This post is not what you think it is.
The other night I finally gave up on Foursquare. They were forcing me to go to that abominable Swarm when I didn’t want to. In frustration when I was at a venue and couldn’t get either battery-draining app to load I deleted them both.
I thought I would regret it. And then I asked myself why I was using them anyway? Am I really vain enough to think that people want to know where I am all the time?
Do not, I repeat, do not answer that.
Foursquare was fun for a while. At a certain venue, I was in a three-way race for the mayorship that kept changing hands. Then another person came along who was at the venue more than all three of us and our game was basically over. That’s okay. That’s how it works.
I continued to use Foursquare and avoided Swarm as long as possible. Then it was forced on me and I hated it. Maybe I didn’t give it enough of a chance. I doubt that.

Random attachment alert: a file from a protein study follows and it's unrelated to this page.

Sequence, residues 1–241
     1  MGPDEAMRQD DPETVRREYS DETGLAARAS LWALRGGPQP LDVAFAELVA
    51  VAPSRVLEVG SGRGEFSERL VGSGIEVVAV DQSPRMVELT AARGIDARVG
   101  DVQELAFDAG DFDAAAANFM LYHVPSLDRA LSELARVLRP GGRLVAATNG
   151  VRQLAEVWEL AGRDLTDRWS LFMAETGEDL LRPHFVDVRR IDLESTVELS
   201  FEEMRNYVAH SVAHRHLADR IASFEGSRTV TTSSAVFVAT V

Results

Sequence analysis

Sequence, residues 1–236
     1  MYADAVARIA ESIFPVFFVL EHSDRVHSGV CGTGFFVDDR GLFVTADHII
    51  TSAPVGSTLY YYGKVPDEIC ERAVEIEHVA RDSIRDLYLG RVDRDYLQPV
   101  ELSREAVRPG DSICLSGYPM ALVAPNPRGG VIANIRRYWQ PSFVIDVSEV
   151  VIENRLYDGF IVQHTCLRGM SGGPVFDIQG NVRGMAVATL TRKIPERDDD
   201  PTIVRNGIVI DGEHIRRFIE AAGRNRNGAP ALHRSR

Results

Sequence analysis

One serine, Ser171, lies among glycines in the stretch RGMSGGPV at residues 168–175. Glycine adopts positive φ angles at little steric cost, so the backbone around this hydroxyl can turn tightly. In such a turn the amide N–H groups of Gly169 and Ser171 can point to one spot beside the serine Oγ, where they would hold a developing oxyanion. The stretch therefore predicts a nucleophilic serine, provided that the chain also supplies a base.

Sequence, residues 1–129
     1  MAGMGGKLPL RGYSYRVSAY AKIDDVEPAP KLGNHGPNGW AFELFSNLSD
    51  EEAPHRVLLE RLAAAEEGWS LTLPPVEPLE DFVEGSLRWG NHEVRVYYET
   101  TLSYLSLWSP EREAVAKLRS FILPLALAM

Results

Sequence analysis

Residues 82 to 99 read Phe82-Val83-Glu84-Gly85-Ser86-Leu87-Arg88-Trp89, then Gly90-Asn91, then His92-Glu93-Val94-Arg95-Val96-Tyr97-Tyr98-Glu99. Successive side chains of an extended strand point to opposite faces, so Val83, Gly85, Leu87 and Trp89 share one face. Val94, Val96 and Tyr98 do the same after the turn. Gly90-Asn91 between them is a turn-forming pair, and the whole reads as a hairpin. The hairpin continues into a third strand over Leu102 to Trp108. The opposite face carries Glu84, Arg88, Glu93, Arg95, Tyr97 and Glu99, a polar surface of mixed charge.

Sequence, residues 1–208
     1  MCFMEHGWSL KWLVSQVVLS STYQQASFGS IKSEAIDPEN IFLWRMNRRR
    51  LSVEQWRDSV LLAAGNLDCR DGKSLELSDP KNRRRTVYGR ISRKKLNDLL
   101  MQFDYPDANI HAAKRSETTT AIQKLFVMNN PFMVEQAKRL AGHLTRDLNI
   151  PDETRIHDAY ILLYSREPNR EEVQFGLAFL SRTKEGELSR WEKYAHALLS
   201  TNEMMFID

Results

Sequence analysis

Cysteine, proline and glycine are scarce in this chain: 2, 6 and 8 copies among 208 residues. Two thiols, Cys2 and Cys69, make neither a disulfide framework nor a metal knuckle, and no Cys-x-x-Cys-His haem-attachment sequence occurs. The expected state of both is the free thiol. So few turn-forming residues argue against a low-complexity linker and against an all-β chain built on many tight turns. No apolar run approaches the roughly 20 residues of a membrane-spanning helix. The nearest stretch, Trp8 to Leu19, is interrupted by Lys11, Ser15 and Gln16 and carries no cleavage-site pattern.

But while there is a certain amount of fun to different social media apps, my main reason for using them (and here’s where the vanity part comes in) is to develop a following of sorts so that when the book(s) is (are) actually published people will say, “hey he’s that brilliantly funny guy, let’s buy his book.”
That’s right, call me Facebook. It’s all about manipulating your data to sell you something.
Well, sort of.
But as this quest to be a self-sustaining writer continues, I need to cut out the clutter.
Like I said yesterday, I’ve dropped Examiner.com.
I’ve also stopped playing Publisher’s Clearing House games. Don’t laugh. I actually have won money from them. No, you may not borrow seven million dollars. I’d been spending 15-30 minutes a day playing their games while I was multi-tasking with something else. In the end, it was just one more distraction and time that I could use researching, writing or editing.
Or sending invoices.
I’m also avoiding the second (and following) season(s) of Dexter on Netflix. The first season fascinated me with the premise (no spoilers). But I’m not sure I want to watch another seven seasons of that. And I definitely don’t want to binge watch them during the summer.
It’s easy to complain that we have too much to do, or that we don’t have any free time. But can we honestly say we don’t waste any time? None at all?
I can’t say that. I doubt that you can either.
But, as of this post, I’m wasting less.
That’s all for now. It’s my turn in Words with Friends.